Victory over MNLF in Zambo too costly, says peace advocate
MANILA, Philippines —A “Pyrrhic victory” is what awaits the government in its almost three-week-old confrontation with disgruntled guerrillas of the Moro National Liberation Front in Zamboanga City, according to Mindanao peace advocate Dr. Grace Rebollos, who described the MNLF rebels as “our own.”
“What does victory here mean? Whoever is victorious here, even if the military claims that they’ve eradicated the MNLF forces, and when there are no more bombings, and they have all died or surrendered, where do we say we’re victorious?” she told a forum at the University of the Philippines Asian Center on Friday.
“This Pyrrhic victory may be a victory, but at what cost? If you look at the lives that have been lost, the wedges that have been driven, the psychosocial trauma of all, Zamboanga City held hostage…” she said.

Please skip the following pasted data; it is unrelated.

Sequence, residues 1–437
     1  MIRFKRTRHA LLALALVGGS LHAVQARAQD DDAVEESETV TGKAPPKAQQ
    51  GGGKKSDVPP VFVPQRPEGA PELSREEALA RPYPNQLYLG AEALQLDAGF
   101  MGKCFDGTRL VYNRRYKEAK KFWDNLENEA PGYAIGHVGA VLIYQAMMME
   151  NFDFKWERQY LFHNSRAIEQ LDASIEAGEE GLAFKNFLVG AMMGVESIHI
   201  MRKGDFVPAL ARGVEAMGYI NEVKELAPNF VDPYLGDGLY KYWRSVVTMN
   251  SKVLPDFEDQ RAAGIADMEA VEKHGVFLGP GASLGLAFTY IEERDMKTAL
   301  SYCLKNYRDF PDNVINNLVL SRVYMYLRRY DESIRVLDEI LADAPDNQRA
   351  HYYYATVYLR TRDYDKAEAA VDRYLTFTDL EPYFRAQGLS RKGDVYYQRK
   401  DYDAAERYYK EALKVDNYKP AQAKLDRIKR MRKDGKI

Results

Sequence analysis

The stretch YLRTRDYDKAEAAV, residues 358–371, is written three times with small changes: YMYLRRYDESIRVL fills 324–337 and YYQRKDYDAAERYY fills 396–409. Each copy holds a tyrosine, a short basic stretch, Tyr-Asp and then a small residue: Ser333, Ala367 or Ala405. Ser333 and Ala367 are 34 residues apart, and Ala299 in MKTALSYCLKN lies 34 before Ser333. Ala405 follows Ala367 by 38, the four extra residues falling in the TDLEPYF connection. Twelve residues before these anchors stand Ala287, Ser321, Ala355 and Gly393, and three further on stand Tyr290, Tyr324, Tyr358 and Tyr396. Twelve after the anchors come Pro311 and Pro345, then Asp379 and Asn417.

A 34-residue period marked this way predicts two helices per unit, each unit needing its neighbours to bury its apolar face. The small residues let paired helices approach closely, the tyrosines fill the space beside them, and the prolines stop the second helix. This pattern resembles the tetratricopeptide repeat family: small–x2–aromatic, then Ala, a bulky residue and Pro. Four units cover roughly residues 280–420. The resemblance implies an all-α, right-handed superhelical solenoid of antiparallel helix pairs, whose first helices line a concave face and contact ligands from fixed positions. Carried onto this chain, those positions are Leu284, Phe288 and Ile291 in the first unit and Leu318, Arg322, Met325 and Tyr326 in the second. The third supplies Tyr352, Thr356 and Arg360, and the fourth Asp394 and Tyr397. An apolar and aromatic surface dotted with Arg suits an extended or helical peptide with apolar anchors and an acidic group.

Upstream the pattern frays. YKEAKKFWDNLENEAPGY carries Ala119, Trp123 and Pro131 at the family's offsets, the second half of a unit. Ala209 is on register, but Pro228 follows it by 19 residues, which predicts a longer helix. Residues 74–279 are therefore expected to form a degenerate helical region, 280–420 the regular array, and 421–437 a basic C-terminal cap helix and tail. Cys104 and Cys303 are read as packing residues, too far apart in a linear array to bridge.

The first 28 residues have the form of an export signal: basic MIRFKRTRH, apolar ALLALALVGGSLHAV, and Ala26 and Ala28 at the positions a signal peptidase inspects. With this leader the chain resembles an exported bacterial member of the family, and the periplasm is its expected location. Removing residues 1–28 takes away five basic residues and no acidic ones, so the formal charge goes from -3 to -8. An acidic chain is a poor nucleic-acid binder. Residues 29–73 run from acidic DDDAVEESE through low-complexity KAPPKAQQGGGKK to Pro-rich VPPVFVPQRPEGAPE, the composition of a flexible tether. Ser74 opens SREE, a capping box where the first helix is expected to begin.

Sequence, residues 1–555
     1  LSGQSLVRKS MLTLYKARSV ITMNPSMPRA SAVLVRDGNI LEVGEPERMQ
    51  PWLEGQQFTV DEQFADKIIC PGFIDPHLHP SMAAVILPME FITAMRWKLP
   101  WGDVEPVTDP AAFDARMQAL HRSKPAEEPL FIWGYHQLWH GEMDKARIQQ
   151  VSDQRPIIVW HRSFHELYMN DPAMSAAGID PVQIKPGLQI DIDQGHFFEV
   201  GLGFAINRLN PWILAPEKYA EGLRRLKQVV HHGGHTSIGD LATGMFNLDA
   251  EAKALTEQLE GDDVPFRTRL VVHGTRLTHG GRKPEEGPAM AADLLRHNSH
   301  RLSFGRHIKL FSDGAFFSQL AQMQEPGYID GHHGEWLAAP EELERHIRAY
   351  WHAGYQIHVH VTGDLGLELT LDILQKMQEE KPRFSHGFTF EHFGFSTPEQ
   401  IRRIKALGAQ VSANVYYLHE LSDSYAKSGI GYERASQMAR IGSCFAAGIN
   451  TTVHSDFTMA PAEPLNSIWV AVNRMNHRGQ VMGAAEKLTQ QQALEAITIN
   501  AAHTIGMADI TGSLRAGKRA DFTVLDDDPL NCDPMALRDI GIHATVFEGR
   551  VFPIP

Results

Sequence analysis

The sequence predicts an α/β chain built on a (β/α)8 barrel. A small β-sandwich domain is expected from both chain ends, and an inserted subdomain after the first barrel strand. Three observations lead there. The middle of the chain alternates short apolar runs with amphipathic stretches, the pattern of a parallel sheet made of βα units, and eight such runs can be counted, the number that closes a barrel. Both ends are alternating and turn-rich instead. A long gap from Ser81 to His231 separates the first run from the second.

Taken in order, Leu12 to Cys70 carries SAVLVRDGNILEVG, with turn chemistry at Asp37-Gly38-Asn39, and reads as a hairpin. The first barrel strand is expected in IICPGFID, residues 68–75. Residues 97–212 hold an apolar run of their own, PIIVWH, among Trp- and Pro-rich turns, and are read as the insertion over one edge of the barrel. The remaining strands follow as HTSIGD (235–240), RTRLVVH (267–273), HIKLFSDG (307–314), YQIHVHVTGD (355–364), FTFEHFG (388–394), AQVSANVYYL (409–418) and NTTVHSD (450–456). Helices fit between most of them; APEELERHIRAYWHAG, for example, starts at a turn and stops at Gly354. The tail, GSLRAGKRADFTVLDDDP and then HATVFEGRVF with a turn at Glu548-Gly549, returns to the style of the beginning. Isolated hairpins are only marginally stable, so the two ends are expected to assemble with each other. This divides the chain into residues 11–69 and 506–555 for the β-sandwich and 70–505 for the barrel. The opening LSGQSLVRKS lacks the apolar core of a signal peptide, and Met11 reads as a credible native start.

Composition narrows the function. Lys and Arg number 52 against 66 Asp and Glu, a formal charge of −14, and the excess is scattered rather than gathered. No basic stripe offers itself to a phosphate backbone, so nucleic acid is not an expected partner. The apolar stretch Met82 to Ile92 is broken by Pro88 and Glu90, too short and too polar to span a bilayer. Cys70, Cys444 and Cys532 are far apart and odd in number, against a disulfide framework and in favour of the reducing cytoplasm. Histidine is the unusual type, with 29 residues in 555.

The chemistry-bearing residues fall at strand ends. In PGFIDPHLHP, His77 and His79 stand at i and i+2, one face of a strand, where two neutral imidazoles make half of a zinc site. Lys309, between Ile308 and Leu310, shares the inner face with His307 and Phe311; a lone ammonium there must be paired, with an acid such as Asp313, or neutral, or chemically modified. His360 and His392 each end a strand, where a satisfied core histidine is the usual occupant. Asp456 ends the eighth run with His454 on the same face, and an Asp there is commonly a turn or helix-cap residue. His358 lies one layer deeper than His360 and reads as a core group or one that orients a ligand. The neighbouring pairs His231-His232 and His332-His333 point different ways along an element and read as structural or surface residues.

On Sept. 9, MNLF guerrillas loyal to Nur Misuari, MNLF founder and former governor of the Autonomous Region in Muslim Mindanao, occupied a coastal section of Zambonga supposedly on their way to hold a peace rally and hoist their “Bangsamoro Republik” flag at City Hall, setting off a series of battles that burned down a section of the city, killed scores of people and forced more than 100,000 people out of their homes.
Rebellion charges are being prepared against several MNLF personalities, among them Misuari and his top lieutenant, Habier Malik, who allegedly led the occupation of the city.
Rebollos, who represents Peace Advocates Zamboanga and Mindanao PeaceWeavers, described the conflict in Zamboanga City as “a loss of the entire Philippine nation.”
“This is our loss. Because even the MNLF – this might be debatable – are ours also, just like the MILF, the people of Zamboanga, and all those who feel they have a stake in this,” she said.
She said the conflict has driven a wedge deeply between Christians and Muslims living in Zamboanga City.
“We desperately need a healing process, not only in terms of infrastructure, but also psychosocial healing… because even children are sending hate text messages to each other,” she said.
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